Figure 1 – Prey Poster

Just a bit of a warning: I might reveal a few minor spoilers here, but I have no intention of giving away anything major.
Whenever a movie comes out that promises to make a lot of money, there’s already one on the stands or shelves (or wherever people find movies these days) with pretty much the same name. After all, titles are not copyrightable. You knew that, right? You could make a movie called Titanic, or Schindler’s List or pretty much any blockbuster movie and, no matter how badly it sucked, or stank, someone would not only go to see it (if in theatres), rent it (if it’s available through some streaming service) and, invariably, love it or hate it so much they’d have to leave a review, good or bad, which inevitably means money for someone. After all, mostly, it’s “all about the Benjamins.” (Or whatever face is on your $100; ours in Canada is Sir Robert Borden, who was Prime Minister of Canada from 1901 to 1920, according to Wikipedia. (And our “hundy” is brown, too, and now made of polymer.)

On my DVD shelf is one called War of the Worlds, which is not the Gene Barry movie of 1953, nor is it the Tom Cruise movie of 2005. This is a direct-to-video movie starring C. Thomas (“Tommy”) Howell, a C-list actor who deserves better. (Actually, I also have the other two.) It’s got something like a 3.5 rating on IMDB, which if I remember the movie, is about what it deserves. But here’s the tie-in with my first paragraph: looking for the new movie called Prey (Figure 1), we accidentally watched a new one called The Prey: Legend of Karnoctus (Figure 2), with several minor name actors like Adrian Paul (Highlander), Danny Trejo (Dusk Till Dawn and dozens of others), and a guy who looks familiar but I’ll be darned if I can figure out who he is. I’m not sure this movie, unlike that War of the Worlds cited above, was made just for the money, but it’s obvious that the “names” were in it for that reason. It’s not a good movie; it’s predictable almost from the first scene, but it’s more or less watchable. I try not to do “killer” reviews, so we’ll let it go at that.Figure 2 – The Prey: Legend of Karnoctus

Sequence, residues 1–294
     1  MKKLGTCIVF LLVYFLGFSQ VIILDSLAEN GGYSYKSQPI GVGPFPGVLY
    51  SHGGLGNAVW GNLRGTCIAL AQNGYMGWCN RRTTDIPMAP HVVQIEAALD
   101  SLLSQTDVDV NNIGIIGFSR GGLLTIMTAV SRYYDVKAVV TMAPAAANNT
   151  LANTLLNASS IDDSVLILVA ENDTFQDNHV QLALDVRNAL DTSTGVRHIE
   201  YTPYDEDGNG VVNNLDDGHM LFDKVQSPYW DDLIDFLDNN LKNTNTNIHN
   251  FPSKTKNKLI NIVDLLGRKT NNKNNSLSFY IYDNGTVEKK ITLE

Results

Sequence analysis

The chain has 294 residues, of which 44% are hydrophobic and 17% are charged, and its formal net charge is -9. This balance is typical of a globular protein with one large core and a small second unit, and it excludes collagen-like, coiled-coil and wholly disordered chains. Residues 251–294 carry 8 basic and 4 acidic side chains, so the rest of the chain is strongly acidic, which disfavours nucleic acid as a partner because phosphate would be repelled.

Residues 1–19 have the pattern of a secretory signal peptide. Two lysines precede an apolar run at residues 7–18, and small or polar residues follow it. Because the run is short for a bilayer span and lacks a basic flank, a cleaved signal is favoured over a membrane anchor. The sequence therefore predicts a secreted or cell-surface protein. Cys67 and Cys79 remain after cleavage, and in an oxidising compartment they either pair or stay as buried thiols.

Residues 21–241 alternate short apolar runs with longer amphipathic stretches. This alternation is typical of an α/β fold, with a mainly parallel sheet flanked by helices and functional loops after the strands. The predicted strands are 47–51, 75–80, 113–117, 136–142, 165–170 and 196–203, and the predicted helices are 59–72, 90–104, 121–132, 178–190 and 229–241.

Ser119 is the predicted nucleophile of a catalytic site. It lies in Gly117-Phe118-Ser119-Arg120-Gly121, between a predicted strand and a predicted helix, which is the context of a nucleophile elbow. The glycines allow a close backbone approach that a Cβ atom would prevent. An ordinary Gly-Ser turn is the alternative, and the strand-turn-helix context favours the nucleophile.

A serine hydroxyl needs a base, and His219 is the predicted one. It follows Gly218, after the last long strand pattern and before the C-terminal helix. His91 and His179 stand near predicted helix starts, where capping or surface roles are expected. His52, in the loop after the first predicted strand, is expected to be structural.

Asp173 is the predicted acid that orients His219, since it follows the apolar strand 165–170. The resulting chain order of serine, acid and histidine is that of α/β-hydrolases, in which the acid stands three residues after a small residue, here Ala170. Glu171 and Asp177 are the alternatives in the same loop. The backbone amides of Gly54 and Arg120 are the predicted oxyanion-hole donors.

Finally, we found that the Prey we were looking for was on Hulu—and if you want to see it, you can sign up for the free trial and then end your trial. Unless, of course, you like paying $10/month for a dozen streaming services; they add up pretty darned quickly! This one is from 20th Century Fox, like the Predator movies it’s a prequel/sequel to (Predator, Predator 2, Alien vs. Predator, Predators), and it’s pretty good. Not great, but it certainly has things to recommend it.

Here’s the storyline: the year is 1719, and a Comanche tribe is living on the Northern Great Plains. One of the hunters is injured by a mountain lion, and Taabe (Dakota Beavers) takes some of the younger hunters out to try to kill the lion. Taabe is followed by his sister, Naru (Amber Midthunder), who has learned medicine at her mother’s knee, but who is determined to become a hunter. (As far as I know, this was unusual for the Comanche; tribe members were more or less locked into their roles early in life, and women were the cooks, fuel and food gatherers, baby makers and raisers—the sort of traditional roles women have been forced into in most cultures.) Naru isn’t going to stand for that; she has trained her dog, learned how to track, made and learned how to throw her axe, and so on. She’s ready for her first big hunt, which is called kutaamia, but even her brother doesn’t believe she can be a hunter.